Those who are very familiar with retirement accounts might point out a Roth is similar with less complexity. You pay no tax on the gains in a Roth, which is a better deal than even the capital gains rates. And you’re able to take a limited amount of penalty-free withdrawals. And though there’s no current deductions with a Roth, the current deductions under this approach are limited to $3,000 each year and will probably be less than that most years. Fair enough. If you have no interest in current deductions, AND your income is below the Roth limit (currently around $100k), then the Roth is probably a better option if you’re willing to accept the restrictions on Roth plans. But if your income is above the limit, or you just like the freedom of being able to access all of your money at any time without penalty, this approach offers some advantages over a Roth.
I’m sure some people also can’t imagine leaving their retirement savings to random chance. But realistically, that’s what we all do all the time. Nobody knows where any asset’s price is going to go, and the “professional” money managers have consistently demonstrated they’re no better than average…they just charge you for the privilege of mediocrity. As long as you’re committed to buying a large basket of stocks…like 100 or more…the odds of your random basket performing significantly different than the market average drop pretty close to zero. The more stocks you buy, the better your odds of this random sampling matching actual market returns. Of course, the more you buy, the more trading fees you pay. But even if you buy in lots of only $100 each and pay a $5 per trade fee, your costs over ten years would be less than the fees of a money manager charging 0.5% annually. And if you’re only buying stock $100 at a time, you can diversify a LOT.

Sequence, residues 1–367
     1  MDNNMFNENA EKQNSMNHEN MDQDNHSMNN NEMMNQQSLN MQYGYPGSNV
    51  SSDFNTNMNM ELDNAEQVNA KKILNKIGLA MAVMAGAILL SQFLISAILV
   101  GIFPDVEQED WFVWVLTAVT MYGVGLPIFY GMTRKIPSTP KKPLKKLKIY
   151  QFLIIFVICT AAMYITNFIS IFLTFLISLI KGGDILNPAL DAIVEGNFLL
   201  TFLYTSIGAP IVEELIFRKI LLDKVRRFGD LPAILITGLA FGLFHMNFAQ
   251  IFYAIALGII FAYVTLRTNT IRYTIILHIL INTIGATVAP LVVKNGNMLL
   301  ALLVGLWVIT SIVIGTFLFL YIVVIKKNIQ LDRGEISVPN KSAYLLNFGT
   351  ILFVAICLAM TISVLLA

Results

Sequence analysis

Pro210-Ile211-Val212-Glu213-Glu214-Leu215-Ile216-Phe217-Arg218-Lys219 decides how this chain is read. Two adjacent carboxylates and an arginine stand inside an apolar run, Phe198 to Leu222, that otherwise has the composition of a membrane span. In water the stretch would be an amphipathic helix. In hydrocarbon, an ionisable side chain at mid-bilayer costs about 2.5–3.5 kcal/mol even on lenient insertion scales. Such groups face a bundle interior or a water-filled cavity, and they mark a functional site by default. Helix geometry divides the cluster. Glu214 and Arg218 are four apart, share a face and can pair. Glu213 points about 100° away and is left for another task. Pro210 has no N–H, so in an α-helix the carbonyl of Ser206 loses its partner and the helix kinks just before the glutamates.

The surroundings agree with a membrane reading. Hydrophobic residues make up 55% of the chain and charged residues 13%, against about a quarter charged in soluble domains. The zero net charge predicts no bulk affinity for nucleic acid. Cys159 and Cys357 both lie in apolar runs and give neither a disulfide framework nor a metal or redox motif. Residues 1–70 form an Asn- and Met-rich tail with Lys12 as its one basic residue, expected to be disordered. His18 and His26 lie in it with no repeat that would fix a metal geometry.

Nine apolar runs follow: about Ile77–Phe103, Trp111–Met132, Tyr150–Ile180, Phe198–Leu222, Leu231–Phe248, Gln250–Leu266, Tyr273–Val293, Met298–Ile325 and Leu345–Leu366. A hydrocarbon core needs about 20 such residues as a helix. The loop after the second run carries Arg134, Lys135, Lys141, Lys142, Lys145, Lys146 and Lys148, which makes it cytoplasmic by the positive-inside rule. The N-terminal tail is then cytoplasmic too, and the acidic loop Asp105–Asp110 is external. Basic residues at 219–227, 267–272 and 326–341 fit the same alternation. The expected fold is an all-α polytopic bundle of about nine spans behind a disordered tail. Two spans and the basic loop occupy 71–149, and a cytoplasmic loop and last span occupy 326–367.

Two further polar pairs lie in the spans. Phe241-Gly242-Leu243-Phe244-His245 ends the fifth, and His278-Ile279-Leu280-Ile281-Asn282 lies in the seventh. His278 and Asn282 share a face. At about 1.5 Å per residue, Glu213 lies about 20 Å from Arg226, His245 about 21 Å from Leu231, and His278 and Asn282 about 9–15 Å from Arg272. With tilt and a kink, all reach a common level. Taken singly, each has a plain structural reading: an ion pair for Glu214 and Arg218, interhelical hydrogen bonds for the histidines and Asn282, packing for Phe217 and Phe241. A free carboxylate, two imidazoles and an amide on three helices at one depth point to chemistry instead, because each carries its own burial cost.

Finally, there’s the problem of the tax code always changing. While it’s certainly true that the tax code will change significantly over the next few decades, it seems reasonable to assume that favorable treatment for capital gains will remain a feature of the tax code. This has existed for all but a couple of the last 55+ years. And given the reality of politics, does it seem likely to you that a tax break that favors the incredibly wealthy will go away? My opinion is it’s very unlikely, but you’ll have to consult your own crystal ball on that one.